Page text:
Us Weekly focused on controversial "Real Housewives of New Jersey" couple, the Giudices, announcing a "divorce" for Teresa and Joe on its cover. Inside the issue, however, the publication was somewhat more measured, asserting she was "considering" and "thinking" about divorcing her imprisoned husband. This alleged split was attributed to Teresa tiring of infidelity rumors and growing more confident in herself as she cares for their family without Joe's help. The contentions came less than three months after the tabloid, which is a sister outlet to Star, OK! and the National Enquirer, falsely claimed Teresa was having an affair. Now the reality star's lawyer exclusively told Gossip Cop the divorce cover story was "1,000 percent untrue," and Teresa herself slammed Us Weekly on Twitter for publishing "fake news."

Speaking of Star, its cover announced both a marriage and a baby for Sandra Bullock. The accompanying report claimed Bullock was planning a wedding with Bryan Randall, and adopting a third child. It was alleged he convinced the actress to walk down the aisle again, after an infamous failed marriage to Jesse James, in part by expressing his desire to raise another child together. Now, asserted the tabloid, nuptials were supposedly set to take place at Bullock's Wyoming ranch. A source close to the Oscar winner, however, denied to Gossip Cop that the story was true, and it was the third time we busted such an untrue wedding tale, after previous similar allegations from OK! and the National Enquirer.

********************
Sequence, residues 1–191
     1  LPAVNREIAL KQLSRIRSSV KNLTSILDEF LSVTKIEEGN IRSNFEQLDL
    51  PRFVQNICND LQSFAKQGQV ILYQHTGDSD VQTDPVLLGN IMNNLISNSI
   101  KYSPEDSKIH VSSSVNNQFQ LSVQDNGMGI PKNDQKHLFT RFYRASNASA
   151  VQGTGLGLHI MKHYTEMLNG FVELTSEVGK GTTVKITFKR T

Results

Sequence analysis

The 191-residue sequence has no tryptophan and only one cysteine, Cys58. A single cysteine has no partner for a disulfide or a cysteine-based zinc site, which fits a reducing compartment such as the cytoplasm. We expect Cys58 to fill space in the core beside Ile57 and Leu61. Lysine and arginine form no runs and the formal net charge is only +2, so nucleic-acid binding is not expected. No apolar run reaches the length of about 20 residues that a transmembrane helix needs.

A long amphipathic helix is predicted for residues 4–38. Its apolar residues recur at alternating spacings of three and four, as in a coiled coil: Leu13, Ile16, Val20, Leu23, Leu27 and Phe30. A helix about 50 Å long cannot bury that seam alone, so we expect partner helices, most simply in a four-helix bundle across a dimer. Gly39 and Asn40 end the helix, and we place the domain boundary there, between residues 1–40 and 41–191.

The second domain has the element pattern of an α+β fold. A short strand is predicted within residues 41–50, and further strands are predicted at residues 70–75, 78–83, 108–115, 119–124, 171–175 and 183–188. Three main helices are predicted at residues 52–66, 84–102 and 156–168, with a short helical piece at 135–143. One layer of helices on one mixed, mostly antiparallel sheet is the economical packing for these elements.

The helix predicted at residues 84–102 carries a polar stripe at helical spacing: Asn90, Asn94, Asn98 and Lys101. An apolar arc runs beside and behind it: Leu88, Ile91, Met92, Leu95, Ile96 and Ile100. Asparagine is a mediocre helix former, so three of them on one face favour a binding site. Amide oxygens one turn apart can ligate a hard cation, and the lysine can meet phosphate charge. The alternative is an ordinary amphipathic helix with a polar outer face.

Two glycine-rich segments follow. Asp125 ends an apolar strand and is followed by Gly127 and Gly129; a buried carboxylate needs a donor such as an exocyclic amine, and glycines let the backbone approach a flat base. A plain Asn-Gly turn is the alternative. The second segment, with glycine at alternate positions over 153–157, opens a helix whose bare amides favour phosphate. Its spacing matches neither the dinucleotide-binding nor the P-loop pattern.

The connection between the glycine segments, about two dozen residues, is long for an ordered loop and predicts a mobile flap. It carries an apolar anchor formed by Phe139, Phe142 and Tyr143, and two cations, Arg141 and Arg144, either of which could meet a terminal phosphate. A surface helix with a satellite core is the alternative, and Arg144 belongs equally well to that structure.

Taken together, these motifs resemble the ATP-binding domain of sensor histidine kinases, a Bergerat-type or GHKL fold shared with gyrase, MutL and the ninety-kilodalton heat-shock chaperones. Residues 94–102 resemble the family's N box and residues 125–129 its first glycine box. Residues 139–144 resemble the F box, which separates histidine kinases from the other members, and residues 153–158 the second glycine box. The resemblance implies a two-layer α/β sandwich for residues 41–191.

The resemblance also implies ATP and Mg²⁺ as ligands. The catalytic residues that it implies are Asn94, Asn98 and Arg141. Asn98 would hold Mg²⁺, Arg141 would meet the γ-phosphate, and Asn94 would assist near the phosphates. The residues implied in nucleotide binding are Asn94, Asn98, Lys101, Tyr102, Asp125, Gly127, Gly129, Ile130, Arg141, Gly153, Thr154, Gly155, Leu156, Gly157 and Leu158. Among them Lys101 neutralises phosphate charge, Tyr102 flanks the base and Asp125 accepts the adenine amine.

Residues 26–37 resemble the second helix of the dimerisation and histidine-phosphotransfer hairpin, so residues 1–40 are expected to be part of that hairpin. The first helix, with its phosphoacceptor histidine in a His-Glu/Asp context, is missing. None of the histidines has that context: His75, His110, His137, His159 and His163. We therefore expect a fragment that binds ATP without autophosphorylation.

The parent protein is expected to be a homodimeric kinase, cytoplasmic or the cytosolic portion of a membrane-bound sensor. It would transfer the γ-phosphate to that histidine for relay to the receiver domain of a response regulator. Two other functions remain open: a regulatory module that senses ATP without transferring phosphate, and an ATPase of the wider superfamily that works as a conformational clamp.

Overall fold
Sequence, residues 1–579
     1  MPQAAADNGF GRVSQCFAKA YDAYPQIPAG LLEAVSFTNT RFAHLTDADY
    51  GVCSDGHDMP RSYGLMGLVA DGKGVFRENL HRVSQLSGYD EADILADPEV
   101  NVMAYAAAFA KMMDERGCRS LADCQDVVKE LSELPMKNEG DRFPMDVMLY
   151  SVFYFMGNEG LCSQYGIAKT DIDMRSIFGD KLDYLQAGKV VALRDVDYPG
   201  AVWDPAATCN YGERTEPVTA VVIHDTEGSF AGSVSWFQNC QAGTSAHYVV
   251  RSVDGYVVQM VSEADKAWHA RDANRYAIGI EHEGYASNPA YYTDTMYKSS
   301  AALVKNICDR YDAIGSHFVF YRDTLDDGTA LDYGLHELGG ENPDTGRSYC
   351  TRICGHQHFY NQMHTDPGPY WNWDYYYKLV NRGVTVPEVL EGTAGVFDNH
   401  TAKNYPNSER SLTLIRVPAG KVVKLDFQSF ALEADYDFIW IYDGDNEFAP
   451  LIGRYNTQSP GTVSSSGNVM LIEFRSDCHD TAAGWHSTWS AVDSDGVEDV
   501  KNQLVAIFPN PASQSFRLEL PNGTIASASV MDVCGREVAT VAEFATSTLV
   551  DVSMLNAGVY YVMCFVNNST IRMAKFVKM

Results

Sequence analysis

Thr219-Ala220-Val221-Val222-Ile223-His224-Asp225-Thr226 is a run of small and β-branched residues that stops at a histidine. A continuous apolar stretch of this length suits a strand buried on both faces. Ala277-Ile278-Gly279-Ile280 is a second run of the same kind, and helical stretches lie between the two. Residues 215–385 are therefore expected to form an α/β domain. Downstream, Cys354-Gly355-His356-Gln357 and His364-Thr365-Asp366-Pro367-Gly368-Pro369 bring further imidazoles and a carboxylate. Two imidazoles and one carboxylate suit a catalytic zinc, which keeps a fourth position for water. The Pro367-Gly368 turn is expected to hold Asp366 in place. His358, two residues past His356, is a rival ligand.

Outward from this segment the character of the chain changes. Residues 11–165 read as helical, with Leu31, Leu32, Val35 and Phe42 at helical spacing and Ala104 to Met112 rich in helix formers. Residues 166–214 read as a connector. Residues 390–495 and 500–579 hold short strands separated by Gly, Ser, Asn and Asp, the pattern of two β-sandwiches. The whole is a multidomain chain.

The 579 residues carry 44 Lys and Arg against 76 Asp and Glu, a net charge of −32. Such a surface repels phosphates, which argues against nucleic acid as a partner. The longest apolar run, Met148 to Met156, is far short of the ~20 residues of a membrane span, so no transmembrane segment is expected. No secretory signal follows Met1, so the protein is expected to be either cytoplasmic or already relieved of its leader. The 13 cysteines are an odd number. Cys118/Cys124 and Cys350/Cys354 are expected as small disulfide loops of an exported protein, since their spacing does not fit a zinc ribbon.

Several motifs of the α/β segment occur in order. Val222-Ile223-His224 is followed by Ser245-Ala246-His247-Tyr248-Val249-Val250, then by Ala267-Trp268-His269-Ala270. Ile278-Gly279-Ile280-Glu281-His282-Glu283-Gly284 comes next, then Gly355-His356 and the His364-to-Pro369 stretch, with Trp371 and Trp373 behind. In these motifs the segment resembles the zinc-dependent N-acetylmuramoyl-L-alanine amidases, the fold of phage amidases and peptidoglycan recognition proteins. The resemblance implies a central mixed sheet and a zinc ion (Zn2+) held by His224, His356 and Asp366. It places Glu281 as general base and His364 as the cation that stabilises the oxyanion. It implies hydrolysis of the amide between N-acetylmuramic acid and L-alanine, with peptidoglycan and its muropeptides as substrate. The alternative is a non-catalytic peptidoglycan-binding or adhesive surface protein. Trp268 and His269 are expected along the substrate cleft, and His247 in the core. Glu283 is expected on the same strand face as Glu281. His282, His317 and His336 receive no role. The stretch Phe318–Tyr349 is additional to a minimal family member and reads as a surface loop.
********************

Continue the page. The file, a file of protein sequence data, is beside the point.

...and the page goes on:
Like In Touch exploiting Aniston and Pitt's old relationship whenever possible, its sister publication Life & Style likes to capitalize on Miranda Lambert and Blake Shelton. The magazine insisted Lambert was out for "revenge" on Shelton, and claimed she was using the media and her music to bash him. But the quotes provided were taken out of context and unattributed to Billboard, which is where the songstress spoke vaguely about her divorce and never directly mentioned her former husband. In addition to failing to give the outlet credit and greatly sensationalizing its remarks, the tabloid had a so-called "friend" allege Lambert's next album will reveal "secrets" about their marriage. But Gossip Cop learned no one close to her was actually telling such things to a publication that lied about her being a "pregnant bride" nearly a year ago.